I was heading for Chatfield Shelter, which was nearly 18 miles away, yet wanted to stop at the fabled Partnership Shelter where, apparently, you could order pizza AND get a shower, both of which I intended to treat myself to. Indeed, my eagerness to get there was such that I knocked out the 10.6 miles to Partnership in just over 4 hours. That’s when things slowed down. Stripping off my clothes, I took a shower and let the sweaty clothes dry in the sun (classy, eh?), then sauntered down to the visitors center to order the pizza. It took one hour to be delivered but, when you are waiting for a 16″ deluxe pizza, nothing is going to stop you from waiting. I managed all but three small slices so, after three hours at the shelter, I set off with a full tummy and a lot of renewed energy to get to my destination.

I was there by about 7pm, though a guy called out that he was sick and that I shouldn’t come in. He said people had passed by and were going to camp somewhere ahead. I asked if I could call anybody, but he simply said that he’d either live or he’d die, which pretty much seemed to cover all the options, so I moved on.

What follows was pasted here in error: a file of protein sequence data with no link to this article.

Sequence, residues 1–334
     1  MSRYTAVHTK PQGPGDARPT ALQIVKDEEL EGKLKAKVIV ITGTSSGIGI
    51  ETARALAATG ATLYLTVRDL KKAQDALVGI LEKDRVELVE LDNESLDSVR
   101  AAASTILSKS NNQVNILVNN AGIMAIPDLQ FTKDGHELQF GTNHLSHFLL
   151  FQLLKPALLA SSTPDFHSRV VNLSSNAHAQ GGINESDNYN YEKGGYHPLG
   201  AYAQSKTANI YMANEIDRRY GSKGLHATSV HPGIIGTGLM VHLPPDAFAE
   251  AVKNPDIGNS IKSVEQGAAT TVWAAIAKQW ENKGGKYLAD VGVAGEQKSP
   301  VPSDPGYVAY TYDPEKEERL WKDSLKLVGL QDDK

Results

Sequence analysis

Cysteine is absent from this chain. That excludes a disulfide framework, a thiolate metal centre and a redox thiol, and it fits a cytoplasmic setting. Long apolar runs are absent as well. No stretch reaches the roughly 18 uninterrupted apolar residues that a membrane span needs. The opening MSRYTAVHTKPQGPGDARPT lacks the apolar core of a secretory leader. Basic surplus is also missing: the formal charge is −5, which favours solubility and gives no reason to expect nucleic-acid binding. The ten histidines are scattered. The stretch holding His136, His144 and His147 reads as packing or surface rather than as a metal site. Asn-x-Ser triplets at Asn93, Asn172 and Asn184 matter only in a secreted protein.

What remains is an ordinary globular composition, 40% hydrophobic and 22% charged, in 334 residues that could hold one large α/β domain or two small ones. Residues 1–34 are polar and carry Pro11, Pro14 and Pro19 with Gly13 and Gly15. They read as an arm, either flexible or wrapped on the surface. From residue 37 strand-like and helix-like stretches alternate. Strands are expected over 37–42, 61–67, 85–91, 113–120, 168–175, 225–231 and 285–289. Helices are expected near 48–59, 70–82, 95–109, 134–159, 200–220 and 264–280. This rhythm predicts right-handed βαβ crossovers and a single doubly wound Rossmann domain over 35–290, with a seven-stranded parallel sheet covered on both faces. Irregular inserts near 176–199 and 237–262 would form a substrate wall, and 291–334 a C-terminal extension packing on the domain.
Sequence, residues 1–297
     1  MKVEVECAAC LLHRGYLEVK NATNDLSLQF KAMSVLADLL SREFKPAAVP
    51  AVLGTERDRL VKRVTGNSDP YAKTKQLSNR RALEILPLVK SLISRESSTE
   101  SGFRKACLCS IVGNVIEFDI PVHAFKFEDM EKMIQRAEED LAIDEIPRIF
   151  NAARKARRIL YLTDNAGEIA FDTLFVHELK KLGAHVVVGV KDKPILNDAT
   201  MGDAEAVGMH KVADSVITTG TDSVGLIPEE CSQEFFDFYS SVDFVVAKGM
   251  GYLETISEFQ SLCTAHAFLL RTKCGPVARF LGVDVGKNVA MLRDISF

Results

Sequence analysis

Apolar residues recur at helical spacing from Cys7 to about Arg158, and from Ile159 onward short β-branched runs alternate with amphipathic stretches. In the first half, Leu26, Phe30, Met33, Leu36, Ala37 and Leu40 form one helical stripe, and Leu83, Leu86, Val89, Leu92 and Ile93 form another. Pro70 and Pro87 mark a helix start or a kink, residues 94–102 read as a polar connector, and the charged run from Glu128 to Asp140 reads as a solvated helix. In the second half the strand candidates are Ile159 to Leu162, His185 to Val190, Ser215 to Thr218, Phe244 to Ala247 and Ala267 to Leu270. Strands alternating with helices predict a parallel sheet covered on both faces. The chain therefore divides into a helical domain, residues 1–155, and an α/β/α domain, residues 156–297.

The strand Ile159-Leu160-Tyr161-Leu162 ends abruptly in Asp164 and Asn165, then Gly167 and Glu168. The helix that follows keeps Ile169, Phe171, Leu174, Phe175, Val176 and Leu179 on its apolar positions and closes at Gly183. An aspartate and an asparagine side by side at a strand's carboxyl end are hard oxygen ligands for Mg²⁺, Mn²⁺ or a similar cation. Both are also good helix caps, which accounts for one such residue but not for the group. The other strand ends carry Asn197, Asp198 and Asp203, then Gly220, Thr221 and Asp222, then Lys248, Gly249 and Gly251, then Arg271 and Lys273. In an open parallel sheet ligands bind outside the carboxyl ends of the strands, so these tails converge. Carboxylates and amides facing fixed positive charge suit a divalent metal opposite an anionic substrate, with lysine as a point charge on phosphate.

I saw one small group but couldn’t find any room for me, so I almost literally galloped to avoid losing all light. I eventually finished my day at 7.50, having covered 19.5 miles in the day and camped outside the Settlers Museum, by the side of VA615, a very quiet road. The Settlers Museum doubled as a school and the door was open to hikers, revealing bottled water to this thirsty hiker, as well as a privy for the kids, and me. Happy Days!